1 Still, it was freshly painted, and made a considerable show.
2 Words could not paint the terror that came over him as he realized all this.
3 The center of the placard was occupied by a house, brilliantly painted, new, and dazzling.
4 She wears a white shirtwaist, which represents, perhaps, half a week's labor painting cans.
5 If any one wanted to work or paint or pray, and could find no one to maintain him, he could support himself by working part of the time.
6 Jadvyga likewise paints cans, but then she has an invalid mother and three little sisters to support by it, and so she does not spend her wages for shirtwaists.
7 In other places all these various parts were dipped into troughs of paint and hung up to dry, and then slid along on trolleys to a room where men streaked them with red and yellow, so that they might look cheerful in the harvest fields.
8 The very first Sunday they had all been taken to mass; and poor as they were, Elzbieta had felt it advisable to invest a little of her resources in a representation of the babe of Bethlehem, made in plaster, and painted in brilliant colors.
9 These buildings, made of brick and stained with innumerable layers of Packingtown smoke, were painted all over with advertising signs, from which the visitor realized suddenly that he had come to the home of many of the torments of his life.
10 The painting of cans being skilled piecework, and paying as much as two dollars a day, Marija burst in upon the family with the yell of a Comanche Indian, and fell to capering about the room so as to frighten the baby almost into convulsions.
11 In the first place as to the house they had bought, it was not new at all, as they had supposed; it was about fifteen years old, and there was nothing new upon it but the paint, which was so bad that it needed to be put on new every year or two.
12 There were the wool-pluckers, whose hands went to pieces even sooner than the hands of the pickle men; for the pelts of the sheep had to be painted with acid to loosen the wool, and then the pluckers had to pull out this wool with their bare hands, till the acid had eaten their fingers off.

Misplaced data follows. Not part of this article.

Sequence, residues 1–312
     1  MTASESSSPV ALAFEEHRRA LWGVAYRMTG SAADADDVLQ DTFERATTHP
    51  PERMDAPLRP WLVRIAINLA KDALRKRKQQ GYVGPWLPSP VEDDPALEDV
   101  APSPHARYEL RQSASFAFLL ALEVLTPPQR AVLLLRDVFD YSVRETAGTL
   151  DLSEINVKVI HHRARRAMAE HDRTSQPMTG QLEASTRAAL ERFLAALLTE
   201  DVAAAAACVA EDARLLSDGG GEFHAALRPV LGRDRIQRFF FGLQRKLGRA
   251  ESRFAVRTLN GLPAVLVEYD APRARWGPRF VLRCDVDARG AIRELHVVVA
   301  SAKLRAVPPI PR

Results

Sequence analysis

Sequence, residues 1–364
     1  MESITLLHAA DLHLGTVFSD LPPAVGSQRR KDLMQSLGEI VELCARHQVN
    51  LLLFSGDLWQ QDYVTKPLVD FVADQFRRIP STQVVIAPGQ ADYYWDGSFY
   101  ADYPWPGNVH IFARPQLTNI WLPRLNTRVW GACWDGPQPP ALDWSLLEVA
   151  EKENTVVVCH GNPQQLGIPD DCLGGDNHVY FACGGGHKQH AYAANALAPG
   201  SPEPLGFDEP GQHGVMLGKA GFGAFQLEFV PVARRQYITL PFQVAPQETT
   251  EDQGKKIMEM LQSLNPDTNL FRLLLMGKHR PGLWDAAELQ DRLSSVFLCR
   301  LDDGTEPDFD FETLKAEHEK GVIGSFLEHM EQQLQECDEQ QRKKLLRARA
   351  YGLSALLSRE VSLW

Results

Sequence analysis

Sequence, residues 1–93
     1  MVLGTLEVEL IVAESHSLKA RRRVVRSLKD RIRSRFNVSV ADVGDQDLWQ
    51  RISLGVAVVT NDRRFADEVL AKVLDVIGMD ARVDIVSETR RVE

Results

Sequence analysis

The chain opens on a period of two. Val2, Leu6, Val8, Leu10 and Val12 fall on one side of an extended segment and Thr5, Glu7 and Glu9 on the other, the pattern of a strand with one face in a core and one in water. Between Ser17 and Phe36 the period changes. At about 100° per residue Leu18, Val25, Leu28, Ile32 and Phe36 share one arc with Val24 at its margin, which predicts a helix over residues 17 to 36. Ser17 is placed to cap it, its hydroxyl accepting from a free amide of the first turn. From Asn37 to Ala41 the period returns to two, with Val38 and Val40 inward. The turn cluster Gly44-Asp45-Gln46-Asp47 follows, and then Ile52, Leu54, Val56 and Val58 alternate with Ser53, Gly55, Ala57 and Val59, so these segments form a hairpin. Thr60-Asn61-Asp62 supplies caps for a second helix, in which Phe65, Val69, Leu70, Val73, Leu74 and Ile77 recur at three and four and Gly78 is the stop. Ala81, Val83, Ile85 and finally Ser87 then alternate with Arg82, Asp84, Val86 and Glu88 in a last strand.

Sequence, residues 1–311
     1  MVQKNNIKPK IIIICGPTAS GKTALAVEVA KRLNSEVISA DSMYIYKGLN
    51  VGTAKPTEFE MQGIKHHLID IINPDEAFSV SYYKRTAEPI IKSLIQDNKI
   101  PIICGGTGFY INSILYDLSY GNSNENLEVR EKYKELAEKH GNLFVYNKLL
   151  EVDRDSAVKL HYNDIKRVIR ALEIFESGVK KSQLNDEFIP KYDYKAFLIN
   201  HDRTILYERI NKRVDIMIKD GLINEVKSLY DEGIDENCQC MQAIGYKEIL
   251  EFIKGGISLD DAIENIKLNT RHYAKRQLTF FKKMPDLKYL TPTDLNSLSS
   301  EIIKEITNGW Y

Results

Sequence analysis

13 The floor was of tesselated marble, smooth as glass, and from the walls strange shapes loomed out, woven into huge portieres in rich, harmonious colors, or gleaming from paintings, wonderful and mysterious-looking in the half-light, purple and red and golden, like sunset glimmers in a shadowy forest.
14 Marija did not understand then, as she was destined to understand later, what there was attractive to a "forelady" about the combination of a face full of boundless good nature and the muscles of a dray horse; but the woman had told her to come the next day and she would perhaps give her a chance to learn the trade of painting cans.
15 There was a law forbidding the use of buildings as lodginghouses unless they were licensed for the purpose, and provided with proper windows, stairways, and fire escapes; but here, in a "paint room," reached only by an enclosed "chute," a room without a single window and only one door, a hundred men were crowded upon mattresses on the floor.